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Lizzie Grubman’s Star Vehicle

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On March 10, the day Power Girls premieres, Lizzie Grubman will start a new, remarkable chapter in her ongoing saga: She’ll get her own TV show. It’s an improbable twist, even by the debased standards of reality TV, given the events of summer 2001. You remember, right? The Incident at Conscience Point? When an SUV that Lizzie was driving slammed backward into a crowd of people at a Hamptons club, injuring sixteen—and generating a few days of mild interest from the press? At the time, some thought her business was ruined, and possibly her reputation as well. Clients such as Chanel left her firm, and longtime professional relationships, like her partnership with PR guru Peggy Siegal, dissolved. A Website allowed visitors to steer an animated Lizzie in a blood-spattered car as she screamed “Fuck you, white trash!” at unseen victims (Grubman strenuously denies ever having uttered the notorious phrase). She even became the butt of a David Letterman Top Ten list. Lizzie Grubman’s No. 1 complaint about jail: “You can’t, like, leave.”

At her apartment, I ask her if, during her ordeal—which she refers to unwaveringly as “the accident”—she ever thought of giving up PR, maybe retiring from the spotlight. She answers before the question’s even finished.

“Never. Not for a second. I would go into that office every single solitary day. Whether I closed that door and locked it and started to cry all day long, I was in that office every day.” It must have been hard though, I say, given that some people left her during her crisis—

“No one left. Who left?” she says, cutting me off. “I didn’t lose any clients. I lost maybe two clients. I had the most loyal clients in the entire world.” Then she calms a bit. She says, “Did people leave, in terms of employees? Yes. I lost two employees. If those two employees felt I wasn’t going to have a career or a business after that whole thing, it’s their loss. Because look what happened now.” She smooths her tweed skirt. “And I’m not saying that in an egotistical way. But they underestimated me.”

Recall Lizzie Grubman in the spring of 2001, pre–Conscience Point. She had surfed the notoriety from a 1998 New York Magazine cover story—from which her new MTV show borrows its name—to an intense, if localized, fame. She was a “Page Six” staple, seemingly out at a new club every night. She ran with Paris Hilton and Tara Reid. She was known as the Party Princess, a plugged-in publicist who clinked glasses with Sean “Puffy” Combs and Britney Spears.

Now behold Lizzie Grubman in 2005. Ever since November 29, 2002—the day she was released from the Suffolk County Correctional Facility, having served 38 days of a 60-day sentence (she got time off for good behavior) after pleading guilty to reduced charges of third-degree assault and leaving the scene of an accident causing serious bodily injuries—she’s been carefully rebuilding her business, and her image. She’s retained several clients, such as Combs, and even the nightclub Conscience Point, the site of her infamous crash, and she now does work for HBO, DreamWorks, and the MGM Grand. She’s also started a new partnership with fellow celebrity publicist Jonathan Cheban. Her rivals still whisper, as they did before the accident, that she’s only a minor publicity player whose client list is bolstered by the connections of her father, powerful entertainment lawyer Allen Grubman. “Listen, her business is not thriving,” says a publicist who worked with Lizzie, pre-crash. “It’s just her father who’s keeping it alive.”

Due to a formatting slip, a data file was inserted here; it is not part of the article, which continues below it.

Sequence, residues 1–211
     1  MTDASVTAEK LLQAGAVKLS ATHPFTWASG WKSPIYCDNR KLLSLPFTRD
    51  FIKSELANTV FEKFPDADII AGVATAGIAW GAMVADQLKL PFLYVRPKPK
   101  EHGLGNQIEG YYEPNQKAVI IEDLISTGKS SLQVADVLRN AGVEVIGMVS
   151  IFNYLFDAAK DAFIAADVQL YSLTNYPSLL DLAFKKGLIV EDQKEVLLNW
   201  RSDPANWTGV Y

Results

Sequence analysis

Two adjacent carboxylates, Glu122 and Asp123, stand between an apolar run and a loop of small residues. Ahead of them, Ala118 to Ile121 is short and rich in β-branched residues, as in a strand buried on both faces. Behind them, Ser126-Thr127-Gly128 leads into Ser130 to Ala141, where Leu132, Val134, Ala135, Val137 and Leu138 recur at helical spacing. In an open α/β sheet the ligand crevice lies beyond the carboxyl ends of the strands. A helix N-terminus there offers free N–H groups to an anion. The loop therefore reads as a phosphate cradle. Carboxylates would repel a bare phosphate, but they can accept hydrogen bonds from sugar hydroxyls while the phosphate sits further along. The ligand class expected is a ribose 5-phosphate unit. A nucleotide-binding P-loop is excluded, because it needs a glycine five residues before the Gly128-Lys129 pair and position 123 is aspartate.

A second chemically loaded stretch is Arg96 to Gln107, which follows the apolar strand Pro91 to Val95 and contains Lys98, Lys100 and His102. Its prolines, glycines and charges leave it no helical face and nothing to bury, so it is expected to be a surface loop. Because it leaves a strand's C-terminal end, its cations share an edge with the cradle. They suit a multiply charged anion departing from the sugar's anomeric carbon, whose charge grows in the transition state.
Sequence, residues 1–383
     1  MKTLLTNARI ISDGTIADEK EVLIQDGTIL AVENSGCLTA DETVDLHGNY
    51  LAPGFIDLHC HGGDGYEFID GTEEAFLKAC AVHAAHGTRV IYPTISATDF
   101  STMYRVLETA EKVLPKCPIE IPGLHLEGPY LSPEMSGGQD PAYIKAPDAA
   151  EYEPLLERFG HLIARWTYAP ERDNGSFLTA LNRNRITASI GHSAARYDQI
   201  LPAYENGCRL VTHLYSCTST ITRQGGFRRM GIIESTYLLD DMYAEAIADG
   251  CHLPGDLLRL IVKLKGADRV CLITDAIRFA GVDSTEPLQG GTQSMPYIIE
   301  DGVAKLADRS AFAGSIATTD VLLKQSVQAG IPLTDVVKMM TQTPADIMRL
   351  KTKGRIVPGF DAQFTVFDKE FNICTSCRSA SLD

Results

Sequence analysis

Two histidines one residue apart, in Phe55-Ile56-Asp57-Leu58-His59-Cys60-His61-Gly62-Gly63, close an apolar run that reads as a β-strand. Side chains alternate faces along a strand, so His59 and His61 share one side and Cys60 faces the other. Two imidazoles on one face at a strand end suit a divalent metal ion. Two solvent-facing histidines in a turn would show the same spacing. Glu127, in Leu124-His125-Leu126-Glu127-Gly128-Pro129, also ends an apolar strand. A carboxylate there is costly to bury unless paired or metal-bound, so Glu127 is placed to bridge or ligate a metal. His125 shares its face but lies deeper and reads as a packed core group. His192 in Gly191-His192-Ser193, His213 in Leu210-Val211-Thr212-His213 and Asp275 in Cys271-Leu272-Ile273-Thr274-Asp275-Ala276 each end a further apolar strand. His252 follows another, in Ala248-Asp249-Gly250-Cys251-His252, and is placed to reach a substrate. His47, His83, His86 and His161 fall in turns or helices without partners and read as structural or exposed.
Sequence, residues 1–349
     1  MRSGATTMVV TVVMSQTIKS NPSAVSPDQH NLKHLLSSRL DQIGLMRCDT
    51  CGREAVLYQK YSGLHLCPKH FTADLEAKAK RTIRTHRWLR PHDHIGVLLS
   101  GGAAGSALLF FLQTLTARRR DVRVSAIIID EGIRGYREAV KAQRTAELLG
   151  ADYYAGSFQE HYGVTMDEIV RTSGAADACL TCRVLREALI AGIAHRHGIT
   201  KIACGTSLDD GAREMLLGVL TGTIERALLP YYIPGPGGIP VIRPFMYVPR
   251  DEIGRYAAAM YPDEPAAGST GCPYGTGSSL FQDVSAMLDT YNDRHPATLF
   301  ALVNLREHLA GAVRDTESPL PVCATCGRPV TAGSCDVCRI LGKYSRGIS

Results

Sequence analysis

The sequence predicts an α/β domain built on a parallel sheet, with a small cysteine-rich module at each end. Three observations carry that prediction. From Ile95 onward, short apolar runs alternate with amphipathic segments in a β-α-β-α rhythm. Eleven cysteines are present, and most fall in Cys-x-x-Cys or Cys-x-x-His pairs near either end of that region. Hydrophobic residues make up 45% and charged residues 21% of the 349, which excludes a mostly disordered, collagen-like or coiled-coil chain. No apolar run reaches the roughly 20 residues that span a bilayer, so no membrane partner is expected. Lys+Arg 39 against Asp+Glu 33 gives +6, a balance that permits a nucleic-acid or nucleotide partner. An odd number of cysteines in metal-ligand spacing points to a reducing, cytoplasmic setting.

For Lizzie, who’s already a celebrity, the goal of ‘Power Girls’ is to help people forget how she got so famous in the first place.

Lizzie’s also been slowly and strategically reinserting herself into the limelight: She’s quoted in the papers as a PR expert; she’s appeared as a pundit on shows like The O’Reilly Factor; she had, for a time, a gig with radio station WNEW as a Hamptons party reporter. With Power Girls, however, she’ll stop flirting with the spotlight and step back to center stage. The MTV show follows Grubman and four of her comely real-life assistants—Rachel (the small-town girl), Ali (the brain), Kelly (the California blonde), and Millie (the black Manhattan-born diva)—as they plan parties, corral celebrities, and generally enjoy what’s portrayed on the show as the go-go, jet-setting, red-carpet-and-velvet-rope lifestyle of the young and glamorous New York publicist. Lizzie is the indisputable star, acting as a tough but fair Trump-like mentor to her young apprentices.

MTV has had great success with similar projects, like The Osbournes and Newlyweds, that promise a warts-and-all treatment of celebrities but also act as a kind of long-form infomercial for their stars. For Lizzie’s girls—and though they’re all in their mid-twenties, they’re invariably referred to, even by themselves, as “Lizzie’s girls”—the show promises a chance to step out on the red carpet, after loitering at its fringes. For Lizzie, who’s already a celebrity, the goal is different. She hopes the show will help people forget how she got so famous in the first place.

If you know Lizzie Grubman primarily from her summer of infamy, then a few things about her might surprise you. For starters, she’s tiny. She has the proportions and the styling of a movie star: wasp-waisted, well dressed, with blonde hair and bleached eyebrows, and as small and fragile as a bird. She’s also friendly. Charming, even. This shouldn’t be shocking; it is, after all, her job. She holds eye contact. She nods with interest. She touches your arm, repeatedly. At the slightest hint of a joke, she’ll loose a peal of laughter and, if you’re sitting close enough, rub up against you like a cat.


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